Monthly Archives: April 2016

Make Your Mistakes Big

piano2

The little blonde girl taps her rhythms. She takes a break from her piano song. Notes and melody fall apart over her broken rhythms. The only way back is to feel the pulse with the teacher.

We start. Our eyes scan the printed page. When she falls off she stops and catches up to where I am. I keep going no matter what. She starts big and strong. But eventually her movements get smaller, quieter and tiny. Only the tips of her hands move now. I can’t tell what’s happening.

“Keep your arms big,” I urge while trying not to stop the song.

A little better.
Then tiny motion again.
“Strong rhythm…”
And then, finally I stop.

“Make your mistakes, BIIIIG!……”
I use a funny voice, stretching my hands wide to emphasize “BIG”.

She laughs at the voice.
She laughs at the absurdity of a teacher telling her the opposite of what most of us adults say to kids.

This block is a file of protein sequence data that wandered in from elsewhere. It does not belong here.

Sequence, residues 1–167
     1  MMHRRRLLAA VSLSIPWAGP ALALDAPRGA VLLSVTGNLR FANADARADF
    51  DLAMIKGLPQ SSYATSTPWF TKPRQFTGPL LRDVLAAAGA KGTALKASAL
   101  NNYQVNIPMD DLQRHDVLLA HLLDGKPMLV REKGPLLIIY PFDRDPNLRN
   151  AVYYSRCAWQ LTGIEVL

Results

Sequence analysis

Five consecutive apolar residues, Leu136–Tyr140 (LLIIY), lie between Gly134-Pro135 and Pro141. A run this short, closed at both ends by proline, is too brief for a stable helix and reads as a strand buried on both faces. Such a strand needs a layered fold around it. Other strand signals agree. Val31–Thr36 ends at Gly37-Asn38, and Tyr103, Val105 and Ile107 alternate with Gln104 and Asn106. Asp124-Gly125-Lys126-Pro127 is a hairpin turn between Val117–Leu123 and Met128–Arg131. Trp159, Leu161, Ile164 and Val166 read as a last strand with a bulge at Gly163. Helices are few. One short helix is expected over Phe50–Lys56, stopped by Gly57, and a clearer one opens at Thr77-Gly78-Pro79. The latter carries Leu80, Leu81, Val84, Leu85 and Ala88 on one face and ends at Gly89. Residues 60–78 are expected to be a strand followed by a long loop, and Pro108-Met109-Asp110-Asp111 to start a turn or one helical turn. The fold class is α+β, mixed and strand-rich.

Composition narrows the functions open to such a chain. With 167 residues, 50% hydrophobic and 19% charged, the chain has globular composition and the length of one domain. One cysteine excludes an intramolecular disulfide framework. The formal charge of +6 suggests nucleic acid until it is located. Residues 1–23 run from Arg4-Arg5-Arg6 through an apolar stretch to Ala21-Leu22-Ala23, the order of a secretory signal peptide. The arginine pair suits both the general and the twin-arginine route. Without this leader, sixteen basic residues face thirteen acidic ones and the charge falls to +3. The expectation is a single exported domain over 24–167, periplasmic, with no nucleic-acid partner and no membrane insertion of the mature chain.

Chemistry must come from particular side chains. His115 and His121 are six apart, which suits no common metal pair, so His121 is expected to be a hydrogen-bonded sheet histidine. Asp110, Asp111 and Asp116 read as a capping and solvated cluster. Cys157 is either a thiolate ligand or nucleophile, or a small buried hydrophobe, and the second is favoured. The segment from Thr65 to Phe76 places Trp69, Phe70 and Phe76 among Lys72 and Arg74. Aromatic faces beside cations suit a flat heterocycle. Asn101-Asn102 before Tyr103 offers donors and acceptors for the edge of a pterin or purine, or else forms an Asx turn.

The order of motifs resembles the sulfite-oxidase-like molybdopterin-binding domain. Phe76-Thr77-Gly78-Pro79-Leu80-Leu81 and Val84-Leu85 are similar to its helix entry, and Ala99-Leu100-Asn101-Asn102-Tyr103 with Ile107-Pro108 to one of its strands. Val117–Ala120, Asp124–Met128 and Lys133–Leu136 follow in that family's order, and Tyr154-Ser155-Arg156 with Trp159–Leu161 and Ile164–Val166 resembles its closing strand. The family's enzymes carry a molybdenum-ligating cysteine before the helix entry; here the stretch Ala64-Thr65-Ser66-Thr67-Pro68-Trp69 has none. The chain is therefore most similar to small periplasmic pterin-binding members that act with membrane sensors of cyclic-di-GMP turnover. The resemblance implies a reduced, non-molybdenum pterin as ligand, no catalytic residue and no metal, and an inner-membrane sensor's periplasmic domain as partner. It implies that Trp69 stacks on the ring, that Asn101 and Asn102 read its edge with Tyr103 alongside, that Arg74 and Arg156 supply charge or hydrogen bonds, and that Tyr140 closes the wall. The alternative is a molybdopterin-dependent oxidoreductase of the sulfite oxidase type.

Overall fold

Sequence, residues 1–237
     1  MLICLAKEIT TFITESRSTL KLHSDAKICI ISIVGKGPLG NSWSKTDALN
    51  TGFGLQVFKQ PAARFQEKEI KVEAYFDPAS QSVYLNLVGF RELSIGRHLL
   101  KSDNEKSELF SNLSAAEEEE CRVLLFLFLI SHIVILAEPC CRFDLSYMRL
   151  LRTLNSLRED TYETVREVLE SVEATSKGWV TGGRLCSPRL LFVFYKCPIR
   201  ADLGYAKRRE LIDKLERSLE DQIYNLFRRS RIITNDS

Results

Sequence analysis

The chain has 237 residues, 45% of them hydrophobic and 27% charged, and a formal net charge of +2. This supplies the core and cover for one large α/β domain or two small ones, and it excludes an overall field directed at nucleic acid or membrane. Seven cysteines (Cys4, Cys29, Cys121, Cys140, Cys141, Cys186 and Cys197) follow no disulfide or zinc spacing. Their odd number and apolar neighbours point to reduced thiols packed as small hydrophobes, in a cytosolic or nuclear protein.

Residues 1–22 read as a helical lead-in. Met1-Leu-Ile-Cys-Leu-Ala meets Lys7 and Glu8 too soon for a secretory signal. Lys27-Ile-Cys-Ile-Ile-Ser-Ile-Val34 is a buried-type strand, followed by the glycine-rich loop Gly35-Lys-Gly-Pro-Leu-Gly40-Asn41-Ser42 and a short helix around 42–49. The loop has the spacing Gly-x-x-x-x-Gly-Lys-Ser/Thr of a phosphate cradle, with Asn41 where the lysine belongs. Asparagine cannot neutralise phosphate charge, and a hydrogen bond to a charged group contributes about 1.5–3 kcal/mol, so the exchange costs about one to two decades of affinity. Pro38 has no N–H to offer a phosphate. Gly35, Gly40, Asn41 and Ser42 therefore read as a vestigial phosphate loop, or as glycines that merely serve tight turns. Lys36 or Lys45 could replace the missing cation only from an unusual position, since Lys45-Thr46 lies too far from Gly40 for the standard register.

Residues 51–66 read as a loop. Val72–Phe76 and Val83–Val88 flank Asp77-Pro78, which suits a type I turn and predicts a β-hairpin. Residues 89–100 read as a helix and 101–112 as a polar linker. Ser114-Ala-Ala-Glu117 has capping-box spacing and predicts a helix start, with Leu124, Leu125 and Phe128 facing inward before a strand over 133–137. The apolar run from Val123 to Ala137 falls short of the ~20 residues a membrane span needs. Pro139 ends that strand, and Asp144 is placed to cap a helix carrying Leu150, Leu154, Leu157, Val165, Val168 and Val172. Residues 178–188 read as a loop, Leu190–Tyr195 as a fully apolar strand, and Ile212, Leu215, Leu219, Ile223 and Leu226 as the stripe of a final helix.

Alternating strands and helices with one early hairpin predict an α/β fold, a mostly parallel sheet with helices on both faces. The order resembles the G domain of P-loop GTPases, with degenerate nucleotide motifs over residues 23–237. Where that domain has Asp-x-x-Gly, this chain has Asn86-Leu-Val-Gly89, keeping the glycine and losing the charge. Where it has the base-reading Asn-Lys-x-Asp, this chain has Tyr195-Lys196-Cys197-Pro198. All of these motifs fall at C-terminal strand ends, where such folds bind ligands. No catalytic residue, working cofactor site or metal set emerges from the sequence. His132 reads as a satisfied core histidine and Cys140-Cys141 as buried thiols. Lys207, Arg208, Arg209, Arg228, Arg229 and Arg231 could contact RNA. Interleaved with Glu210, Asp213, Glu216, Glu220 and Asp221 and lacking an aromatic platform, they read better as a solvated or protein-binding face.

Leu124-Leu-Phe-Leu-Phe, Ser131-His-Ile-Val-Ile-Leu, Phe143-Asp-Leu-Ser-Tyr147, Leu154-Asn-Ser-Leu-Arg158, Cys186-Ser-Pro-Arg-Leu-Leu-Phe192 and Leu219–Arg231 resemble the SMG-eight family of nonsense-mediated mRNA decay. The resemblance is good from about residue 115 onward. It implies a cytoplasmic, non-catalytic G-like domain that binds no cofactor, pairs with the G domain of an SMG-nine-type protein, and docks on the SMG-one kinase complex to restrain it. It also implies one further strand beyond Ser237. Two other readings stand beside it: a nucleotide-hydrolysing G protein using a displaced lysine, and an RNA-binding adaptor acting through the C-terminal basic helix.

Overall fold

Make mistakes.

Make them big.

Humor breaks the spell of perfectionism. Her confidence buoyed. Less distracted with pleasing me. Freedom helps us soar.

Freedom.
Freedom to be herself.
Freedom to be confident.
Freedom to hit a wrong note.

She doesn’t know it, but she needs these wrong notes. She NEEDS to make mistakes to improve. And don’t we all need mistakes to improve. Even Beethoven at one time had to learn a new skill. A skill he didn’t have. A skill he faltered at. Bad hand shape. Weak finger strength. Faulty rhythm.

To succeed at learning a new skill you HAVE to make mistakes.

But to be honest, that student is a lot like me. I have played small. Afraid that I couldn’t keep up with the right life rhythms. I have played smaller and smaller.

Deeper relationships seem tricky? Easier not to say anything. To pass on that social gathering that would stretch me in a good way.

A new idea for business seems scary? Easier to pass on that necessary risk. And wonder, “What If?”

Next creative project seems daunting? I wonder if someone else could do a better job. But the idea still nags me.

So we will be the first ones. The first ones to offer grace to each other and say,

“You can make your mistakes BIIIIG with me.”

We will not freak out that we are all just figuring it out. And pick ourselves up and keep going.

Let’s give each other a chance

to

breathe.

So when the little blonde drops her perfectionism at the door with her shoes and school bag – maybe I can too.
I might just have a chance to make music.

 

Photo credit Jesse Orrico